Rossnowlagh featured in new novel

Sue Doherty

Reporter:

Sue Doherty

A new novel that’s being dubbed as “a modern day Wuthering Heights” showcases the spectacular setting of Rossnowlagh.

A new novel that’s being dubbed as “a modern day Wuthering Heights” showcases the spectacular setting of Rossnowlagh.

The book, Maker of Footprints, is set in Belfast and Donegal. It tells the story of Paul Shepherd, who abandons his career as a society photographer in London to return home to his roots, and student Jenna Warwick. When they meet, a chain of events is set in motion, which will leave none of the people around them untouched.

Author Sheila Turner Johnston, who lives in the North, spent much of her early childhood in the area. “My father, Rev. JB Turner, was the Methodist Minister in Ballintra from 1952 to 1956. We lived in the Manse on the corner of what was then the Old Forge Lane.

“The house is gone now but I have such fond memories of it, even though I was only six when we moved to Belfast.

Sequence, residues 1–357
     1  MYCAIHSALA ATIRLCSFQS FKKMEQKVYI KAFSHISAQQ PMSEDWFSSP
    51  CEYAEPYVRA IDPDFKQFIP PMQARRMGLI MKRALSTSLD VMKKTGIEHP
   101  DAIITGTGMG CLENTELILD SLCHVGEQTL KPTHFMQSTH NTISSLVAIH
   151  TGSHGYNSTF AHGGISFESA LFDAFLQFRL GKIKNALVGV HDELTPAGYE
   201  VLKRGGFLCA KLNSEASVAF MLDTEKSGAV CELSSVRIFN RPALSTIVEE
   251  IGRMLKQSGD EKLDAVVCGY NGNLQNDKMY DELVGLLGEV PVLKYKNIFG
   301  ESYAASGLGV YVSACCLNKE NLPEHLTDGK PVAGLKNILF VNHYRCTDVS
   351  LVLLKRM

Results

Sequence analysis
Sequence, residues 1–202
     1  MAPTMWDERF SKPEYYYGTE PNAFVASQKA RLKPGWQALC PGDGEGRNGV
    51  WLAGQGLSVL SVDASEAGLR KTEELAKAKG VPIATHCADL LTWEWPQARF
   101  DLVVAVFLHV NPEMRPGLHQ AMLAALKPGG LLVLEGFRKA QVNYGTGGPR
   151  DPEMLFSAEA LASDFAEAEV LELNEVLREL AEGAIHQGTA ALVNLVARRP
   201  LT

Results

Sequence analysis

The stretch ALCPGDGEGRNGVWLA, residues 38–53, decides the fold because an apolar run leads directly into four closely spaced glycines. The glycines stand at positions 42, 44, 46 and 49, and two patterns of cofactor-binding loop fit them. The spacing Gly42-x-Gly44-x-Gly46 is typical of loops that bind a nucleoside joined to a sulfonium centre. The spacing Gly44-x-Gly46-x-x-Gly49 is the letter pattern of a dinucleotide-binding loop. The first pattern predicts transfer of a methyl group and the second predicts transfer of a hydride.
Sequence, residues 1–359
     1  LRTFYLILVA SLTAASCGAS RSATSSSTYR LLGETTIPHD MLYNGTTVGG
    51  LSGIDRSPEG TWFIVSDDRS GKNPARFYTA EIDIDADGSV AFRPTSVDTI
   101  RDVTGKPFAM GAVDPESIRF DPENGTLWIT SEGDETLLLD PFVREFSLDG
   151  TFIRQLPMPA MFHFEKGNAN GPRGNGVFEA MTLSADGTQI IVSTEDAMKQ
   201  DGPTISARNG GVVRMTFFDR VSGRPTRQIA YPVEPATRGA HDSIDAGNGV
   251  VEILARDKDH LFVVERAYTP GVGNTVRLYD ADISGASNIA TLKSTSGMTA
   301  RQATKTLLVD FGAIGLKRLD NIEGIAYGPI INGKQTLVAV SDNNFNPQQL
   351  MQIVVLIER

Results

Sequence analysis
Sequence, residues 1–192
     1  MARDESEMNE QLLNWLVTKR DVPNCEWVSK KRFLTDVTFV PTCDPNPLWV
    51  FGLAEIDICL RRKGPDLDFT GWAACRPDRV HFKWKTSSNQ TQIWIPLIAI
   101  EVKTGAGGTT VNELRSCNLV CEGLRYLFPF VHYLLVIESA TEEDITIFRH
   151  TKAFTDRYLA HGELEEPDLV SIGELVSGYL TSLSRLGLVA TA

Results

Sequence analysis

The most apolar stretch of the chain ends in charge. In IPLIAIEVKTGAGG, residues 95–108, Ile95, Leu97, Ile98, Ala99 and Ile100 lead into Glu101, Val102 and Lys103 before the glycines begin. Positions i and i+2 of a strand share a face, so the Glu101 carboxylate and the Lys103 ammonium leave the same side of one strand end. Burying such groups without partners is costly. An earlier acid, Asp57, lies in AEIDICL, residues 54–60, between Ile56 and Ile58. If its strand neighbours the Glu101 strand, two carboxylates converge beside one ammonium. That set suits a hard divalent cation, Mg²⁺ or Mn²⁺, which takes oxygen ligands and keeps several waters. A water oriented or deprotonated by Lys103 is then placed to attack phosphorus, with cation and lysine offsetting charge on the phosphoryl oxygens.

“When my father was preaching, my brother and I used to nip out and play in the garden. I can still remember the rhubarb, the cabbages and my mother’s hens.

“I’m a preacher myself and took a Service in Ballintra about fifteen years ago, which was an eerie experience. Of course, the church seemed much smaller, for one thing!”

“Rossnowlagh was our family beach. It was quite different back then, with sand banks everywhere and sand martins nesting in them whereas now there are rocks and caravans,” she laughs.

“We also holidayed in a guest house in Bundoran and that was a wonderful experience for a child.”

Over the years, Sheila and her husband returned often to the area for quiet holidays, usually staying at the Sandhouse Hotel.

And, when she was writing the book, she came back to make sure that she would be as accurate as possible.

“I used Rossnowlagh very much for the emotional anchoring of the main character.

“There’s a description of a hotel room that is very much based on the one I stayed in at the Sandhouse, and I also write about the surfers. It’s all very vivid.

“I wanted to get it all right, not just how it looks but how it feels, what it smells like, what it sounds like. For example, can you hold a conversation on the beach in the winter?

“These little details are very important to me. They’re the brush strokes that make the picture.”

Maker of Footprints is available in bookshops, online at BooksNI.com and for Kindle on Amazon.